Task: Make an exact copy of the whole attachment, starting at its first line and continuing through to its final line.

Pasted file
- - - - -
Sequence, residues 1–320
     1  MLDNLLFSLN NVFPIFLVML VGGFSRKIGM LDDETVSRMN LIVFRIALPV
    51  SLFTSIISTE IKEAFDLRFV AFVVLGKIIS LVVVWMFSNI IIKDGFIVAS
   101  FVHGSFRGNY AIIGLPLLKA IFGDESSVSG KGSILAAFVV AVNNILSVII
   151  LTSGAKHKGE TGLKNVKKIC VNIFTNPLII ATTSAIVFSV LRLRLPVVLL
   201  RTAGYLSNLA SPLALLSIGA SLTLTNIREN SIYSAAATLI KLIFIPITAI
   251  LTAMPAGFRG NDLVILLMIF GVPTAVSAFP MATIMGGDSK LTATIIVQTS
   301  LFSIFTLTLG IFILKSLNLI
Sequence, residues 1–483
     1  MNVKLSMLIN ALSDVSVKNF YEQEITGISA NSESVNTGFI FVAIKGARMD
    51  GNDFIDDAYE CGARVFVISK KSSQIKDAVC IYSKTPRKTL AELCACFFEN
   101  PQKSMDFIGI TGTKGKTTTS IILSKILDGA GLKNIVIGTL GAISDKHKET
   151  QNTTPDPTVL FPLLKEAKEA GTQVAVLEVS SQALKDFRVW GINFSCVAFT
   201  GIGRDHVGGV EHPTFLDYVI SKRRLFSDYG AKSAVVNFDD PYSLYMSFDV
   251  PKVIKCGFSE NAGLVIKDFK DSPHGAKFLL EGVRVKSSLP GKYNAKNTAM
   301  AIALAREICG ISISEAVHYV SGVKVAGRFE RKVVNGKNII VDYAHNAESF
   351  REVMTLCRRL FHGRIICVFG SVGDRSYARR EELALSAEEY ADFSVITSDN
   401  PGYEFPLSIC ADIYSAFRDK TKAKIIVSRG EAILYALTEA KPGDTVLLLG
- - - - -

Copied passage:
Sequence, residues 1–320
     1  MLDNLLFSLN NVFPIFLVML VGGFSRKIGM LDDETVSRMN LIVFRIALPV
    51  SLFTSIISTE IKEAFDLRFV AFVVLGKIIS LVVVWMFSNI IIKDGFIVAS
   101  FVHGSFRGNY AIIGLPLLKA IFGDESSVSG KGSILAAFVV AVNNILSVII
   151  LTSGAKHKGE TGLKNVKKIC VNIFTNPLII ATTSAIVFSV LRLRLPVVLL
   201  RTAGYLSNLA SPLALLSIGA SLTLTNIREN SIYSAAATLI KLIFIPITAI
   251  LTAMPAGFRG NDLVILLMIF GVPTAVSAFP MATIMGGDSK LTATIIVQTS
   301  LFSIFTLTLG IFILKSLNLI
Sequence, residues 1–483
     1  MNVKLSMLIN ALSDVSVKNF YEQEITGISA NSESVNTGFI FVAIKGARMD
    51  GNDFIDDAYE CGARVFVISK KSSQIKDAVC IYSKTPRKTL AELCACFFEN
   101  PQKSMDFIGI TGTKGKTTTS IILSKILDGA GLKNIVIGTL GAISDKHKET
   151  QNTTPDPTVL FPLLKEAKEA GTQVAVLEVS SQALKDFRVW GINFSCVAFT
   201  GIGRDHVGGV EHPTFLDYVI SKRRLFSDYG AKSAVVNFDD PYSLYMSFDV
   251  PKVIKCGFSE NAGLVIKDFK DSPHGAKFLL EGVRVKSSLP GKYNAKNTAM
   301  AIALAREICG ISISEAVHYV SGVKVAGRFE RKVVNGKNII VDYAHNAESF
   351  REVMTLCRRL FHGRIICVFG SVGDRSYARR EELALSAEEY ADFSVITSDN
   401  PGYEFPLSIC ADIYSAFRDK TKAKIIVSRG EAILYALTEA KPGDTVLLLG